In August, Amelia*, a software developer from Stillorgan, was walking her Ragdoll cat Lockie on a leash close to the apartment she shares with her boyfriend.

As she walked, her cat was set upon by a boxer dog before it attacked her. The animal – which was in the control of a young girl – mauled Amelia’s arm and leg.

After managing to break free and hide in a nearby garden, Amelia had to seek hospital treatment for deep puncture wounds. She reported the incident to both gardaí and Dún Laoghaire-Rathdown County Council, but she received a mixed response to the frightening attack.

Amelia told Noteworthy: “The dog warden told me that it is a matter for the garda and then the garda told me it is a matter for the council.”

Almost four months later, Amelia says no action has been taken against the dog owners, despite the seriousness of the attack. Meanwhile, she remains afraid to walk outside her home for fear off being attacked again.

It is disheartening to realise that if such an attack happened again, the perpetrators can walk free because the guards don’t seem to have time.

She also said that “the dog can walk free because the dog wardens are closed during weekends which is when the attack happened”.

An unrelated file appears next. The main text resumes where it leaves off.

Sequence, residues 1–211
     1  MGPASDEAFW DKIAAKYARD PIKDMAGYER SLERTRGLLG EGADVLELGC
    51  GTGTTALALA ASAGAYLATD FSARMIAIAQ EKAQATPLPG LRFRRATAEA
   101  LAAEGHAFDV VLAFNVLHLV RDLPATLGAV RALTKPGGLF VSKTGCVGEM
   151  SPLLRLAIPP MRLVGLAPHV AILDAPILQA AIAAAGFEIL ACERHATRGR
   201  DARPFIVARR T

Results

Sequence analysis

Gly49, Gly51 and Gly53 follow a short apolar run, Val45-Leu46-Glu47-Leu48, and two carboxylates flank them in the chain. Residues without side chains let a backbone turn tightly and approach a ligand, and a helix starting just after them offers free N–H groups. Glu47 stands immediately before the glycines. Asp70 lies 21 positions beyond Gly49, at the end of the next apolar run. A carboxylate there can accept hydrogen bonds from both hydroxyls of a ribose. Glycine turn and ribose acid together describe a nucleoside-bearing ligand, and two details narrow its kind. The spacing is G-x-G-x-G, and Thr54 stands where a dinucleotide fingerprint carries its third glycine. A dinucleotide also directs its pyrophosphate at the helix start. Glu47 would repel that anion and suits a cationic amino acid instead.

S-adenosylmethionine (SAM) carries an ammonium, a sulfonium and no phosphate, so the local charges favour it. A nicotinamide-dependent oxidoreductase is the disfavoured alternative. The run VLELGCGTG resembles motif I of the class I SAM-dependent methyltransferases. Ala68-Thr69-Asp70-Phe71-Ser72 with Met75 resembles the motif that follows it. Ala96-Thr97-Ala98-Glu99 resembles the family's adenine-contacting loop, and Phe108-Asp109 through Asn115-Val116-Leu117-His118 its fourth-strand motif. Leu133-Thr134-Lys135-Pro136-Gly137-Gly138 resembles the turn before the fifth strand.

“It is ridiculous that it is unclear, even for the governmental agencies, who to report such incidents to”. She added that the gardaí say dog wardens, dog wardens say gardaí and “the HSE says both”.

“Yet, we still haven’t been fully heard or helped, and meanwhile I am terrified of going to work in the mornings as I have to pass the place where the dog lives.”

When approached about Amelia’s cases, a Dún Laughaire-Rathdown County Council spokesperson said: “We do not comment on individual cases, however, a dog attack on a person is a matter for An Garda Síochána and should be reported directly to them.

“In the event that an attack is also reported to our offices, our dog warden will carry out a licence check in the area and remind all dog owners of their responsibilities under the Control of Dogs Act.”

A gardaí spokesperson said it was continuing to investigate the incident.

*Names have been changed.


Read more articles in this series >>



Why are authorities failing to tackle violent dog attacks? 

Design for OFF LEASH project featuring a lead in the foreground.

By Patricia Devlin of Noteworthy

Noteworthy is the crowdfunded investigative journalism platform from The Journal. This investigation was proposed and funded by our readers alongside significant support from our investigative fund.